Exclusive: Pentagon Sent Approval for Medal of Honor for SFC Alwyn Cashe to White House
Acting Defense Secretary Chris Miller has sent his endorsement to the White House for the awarding of the Medal of Honor to Army Sergeant First Class Alwyn Cashe, who died in 2005 after repeatedly rushing into a burning vehicle to rescue his soldiers after a roadside bomb attack in Iraq, a senior defense official told Breitbart News on Monday.
Miller’s endorsement is one of the final steps before Alwyn Cashe can finally be awarded the nation’s highest military honor for bravery — after a 15-year fight by his family, a small bipartisan group of lawmakers, and the military and veteran community.
Cashe was 35 years old when he died pulling each of his soldiers from a burning Bradley Fighting Vehicle in Iraq on October 17, 2005.
His platoon had just left their base in Iraq when their vehicle hit an improvised roadside bomb and erupted in flames. Only slightly injured, Cashe pulled out the driver, who was burning, and extinguished the flames. After a soldier inside pushed open the vehicle’s hatch door, Cashe rushed back and pulled six more men out, not stopping even after he caught fire. More than 70 percent of his body was covered in burns. He was hurt the most badly but insisted on being medically evacuated last.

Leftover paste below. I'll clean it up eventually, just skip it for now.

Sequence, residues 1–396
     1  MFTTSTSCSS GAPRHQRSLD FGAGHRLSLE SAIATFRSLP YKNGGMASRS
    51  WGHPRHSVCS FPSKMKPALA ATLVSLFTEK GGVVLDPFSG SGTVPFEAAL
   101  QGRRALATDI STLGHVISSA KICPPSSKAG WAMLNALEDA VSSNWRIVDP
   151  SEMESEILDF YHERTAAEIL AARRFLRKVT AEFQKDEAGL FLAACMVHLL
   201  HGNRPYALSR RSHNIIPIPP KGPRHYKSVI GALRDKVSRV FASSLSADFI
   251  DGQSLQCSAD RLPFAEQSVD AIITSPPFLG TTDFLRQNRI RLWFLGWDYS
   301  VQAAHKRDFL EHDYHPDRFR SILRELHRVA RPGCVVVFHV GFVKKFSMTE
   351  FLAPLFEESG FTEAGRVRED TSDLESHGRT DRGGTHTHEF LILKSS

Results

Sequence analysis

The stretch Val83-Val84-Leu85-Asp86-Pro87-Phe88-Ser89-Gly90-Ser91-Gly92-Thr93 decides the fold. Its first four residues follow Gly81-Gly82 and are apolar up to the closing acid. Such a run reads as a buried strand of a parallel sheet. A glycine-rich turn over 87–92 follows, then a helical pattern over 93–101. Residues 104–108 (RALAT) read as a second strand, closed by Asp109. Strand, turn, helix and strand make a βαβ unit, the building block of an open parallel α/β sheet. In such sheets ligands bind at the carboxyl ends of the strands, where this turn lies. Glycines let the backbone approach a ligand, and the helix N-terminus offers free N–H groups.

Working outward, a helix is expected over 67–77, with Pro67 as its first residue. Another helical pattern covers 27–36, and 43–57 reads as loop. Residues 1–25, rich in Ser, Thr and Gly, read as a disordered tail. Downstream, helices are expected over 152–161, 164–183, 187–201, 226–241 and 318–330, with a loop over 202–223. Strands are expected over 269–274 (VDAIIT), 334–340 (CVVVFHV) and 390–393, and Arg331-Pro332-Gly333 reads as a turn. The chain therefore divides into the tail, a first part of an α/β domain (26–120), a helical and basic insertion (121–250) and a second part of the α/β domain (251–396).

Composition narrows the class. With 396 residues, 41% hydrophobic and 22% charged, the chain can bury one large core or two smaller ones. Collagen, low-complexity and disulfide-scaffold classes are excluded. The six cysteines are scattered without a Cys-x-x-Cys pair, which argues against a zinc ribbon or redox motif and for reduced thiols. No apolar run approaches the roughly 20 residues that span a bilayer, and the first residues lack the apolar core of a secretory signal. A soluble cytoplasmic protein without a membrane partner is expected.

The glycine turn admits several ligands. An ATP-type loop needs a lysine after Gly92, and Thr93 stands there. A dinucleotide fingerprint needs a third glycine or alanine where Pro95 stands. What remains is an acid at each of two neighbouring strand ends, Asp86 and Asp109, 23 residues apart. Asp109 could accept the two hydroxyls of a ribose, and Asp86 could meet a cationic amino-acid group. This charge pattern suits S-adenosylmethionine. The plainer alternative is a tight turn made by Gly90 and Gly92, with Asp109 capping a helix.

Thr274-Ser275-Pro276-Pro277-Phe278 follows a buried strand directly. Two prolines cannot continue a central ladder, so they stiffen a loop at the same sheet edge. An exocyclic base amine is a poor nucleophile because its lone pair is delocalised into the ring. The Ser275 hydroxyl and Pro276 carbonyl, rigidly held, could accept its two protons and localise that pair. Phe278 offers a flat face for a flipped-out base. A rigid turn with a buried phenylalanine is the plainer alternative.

In the hospital, before he succumbed to his injuries, he told Stars and Stripes, “I had made peace with God, but I didn’t know if my men had yet.”
Cashe was first awarded the Silver Star for his heroism. However, his then-battalion commander, Army Col. Gary Brito, fought to have it upgraded to the Medal of Honor. Cashe’s older sister, Kasinal Cashe White, also began doing research and learned that her baby brother was qualified for the upgraded award. However, by then, the five-year statute of limitations for the Medal of Honor since Cashe’s heroic deed had passed.
But White and fellow veterans kept pushing. Just when they were about to give up, lawmakers who learned of Cashe’s story stepped in.
Together, Rep. Stephanie Murphy (D-FL), who represented Cashe’s hometown district, Army Green Beret lieutenant colonel Rep. Mike Waltz (R-FL), and Navy SEAL veteran Rep. Dan Crenshaw (R-TX) asked then-Defense Secretary Mark Esper to review Cashe’s case. Esper in September told them he agreed Cashe deserved the Medal of Honor but said Congress would have to pass a law extending the statute of limitations first.
Murphy and Waltz — with help from Sen. Tom Cotton (R-AR) in the Senate — fought hard to push the bill through a bitterly divided Congress that was stalled at the time over Judge Amy Barrett Coney’s nomination. Congress finally passed the bill in November. However, shortly after, Esper was fired.
A senior defense official confirmed to Breitbart News that Miller recently pushed it through to the White House, where it now heads to the president for approval.
Trump in December signed Congress’s bill extending the statute of limitations for Cashe and is likely to approve and issue the award in the coming weeks.